If possible, get a senior manager to champion the group. Having a top level “advocate” is not only a way to demonstrate that the organisation is behind the group, it can be a useful two-way conduit for information. So, for example, if employees feel that information about SPL or Parental Leave isn’t clear enough, this can be passed back to the appropriate person who is empowered to act on it. Being an “advocate” need not be a major role, even a quarterly catch up will keep the information flowing.
Identify a parenting group facilitator who can lead each meeting. Getting an enthusiastic and engaged co-ordinator will play a huge part in the success of the group.
Some tips on how to be a good facilitator can be found
View some tips on how to be a good facilitator here
Establish a set of agreed terms of reference, such as common goals and purpose. An example of this can be found here. Be clear about what you want to achieve. A brief list of aims can clarify why the group is being set up and provides a base from which to develop, and outline the role and purpose of the facilitator. For example, supporting parents in similar situations and/ or sharing information and exchanging ideas.
Set the day and time for the first meeting. Consider usage of polls to identify the most suitable time for as many people as possible and try to make this a regular time so that it becomes routine. Also, make sure to avoid times when parents are often busy – such as school pick up and drop off times. Use posters, noticeboards and any other internal communication platforms you may have. Some tips on promoting the group can be found below.
Template posters can be downloaded here.
Emphasise that all types of parents and prospective parents are welcome. In all communications, make it clear that anyone who is a parent or caring for a child is welcome in the group regardless of their circumstances or job role. Fathers especially can sometimes feel that these types of meetings are “not for them” and it is important to demonstrate that this isn’t the case through the use of images and language that includes fathers and, ideally, having a “Champion” who is a father.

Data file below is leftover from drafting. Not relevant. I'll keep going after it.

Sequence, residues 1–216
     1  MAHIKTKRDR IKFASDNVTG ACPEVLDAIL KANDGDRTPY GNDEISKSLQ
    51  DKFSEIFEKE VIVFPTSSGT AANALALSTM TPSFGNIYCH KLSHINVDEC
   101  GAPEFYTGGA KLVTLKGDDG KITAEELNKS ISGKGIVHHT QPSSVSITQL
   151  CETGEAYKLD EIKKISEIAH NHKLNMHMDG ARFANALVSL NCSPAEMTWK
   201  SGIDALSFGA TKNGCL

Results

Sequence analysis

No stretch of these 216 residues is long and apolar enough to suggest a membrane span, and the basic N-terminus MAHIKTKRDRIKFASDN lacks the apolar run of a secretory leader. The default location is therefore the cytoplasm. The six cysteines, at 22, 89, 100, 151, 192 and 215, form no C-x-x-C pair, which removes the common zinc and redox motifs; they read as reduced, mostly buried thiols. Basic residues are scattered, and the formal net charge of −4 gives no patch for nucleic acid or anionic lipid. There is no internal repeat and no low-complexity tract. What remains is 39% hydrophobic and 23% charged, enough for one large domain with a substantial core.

Consider the location and staging of the meeting. (It could also be streamed on an online platform such as Skype for those unable to attend in person.) A comfortable setting and coffee/snacks is a good way to begin, people could take it in turn to bring these in. Make sure that the venue and time are accessible to all kinds of parents – so ensure that it is suitable for parents with disabilities. Whatever the setting, parents should feel free to speak openly. Having chairs placed in a circle, without any tables, helps encourage informality and open discussion. Topics for the first meeting should be carefully chosen to appeal to a broad range of parents, fathers, adoptive parents etc. Some ideas for topics for the first meetings can be found under the heading ‘Some tips for help the group along’, below.
Support the group to stay active and grow, by listening to how members feel and supporting any changes they may wish to make. Ideally members will generate momentum of their own, but the organisation can support this by continuing to promote the group, especially to new and returning staff members. If you do not have a “Champion” in place you could consider using an advocate from the group, to promote it within the organisation.
Promoting the parenting group
If you are trying to develop a parent support group that is as inclusive as possible, it is important that this message is conveyed through the organisation, both at the time it is set up, and on an ongoing basis.
Create a poster to advertise the first group meeting. A sample poster would include:
Raising awareness of parenting group: provide details of the first meeting, e.g. time, location (making sure that they are at accessible times and locations). Photos that reflect the workforce diversity of your organisation. Include pictures of dads, same sex couples, single parents etc.
Explaining the role of the parenting group: allowing parents to talk honestly with each other enables them to become empowered. Access to information about parenting policies early allows them to make informed decisions.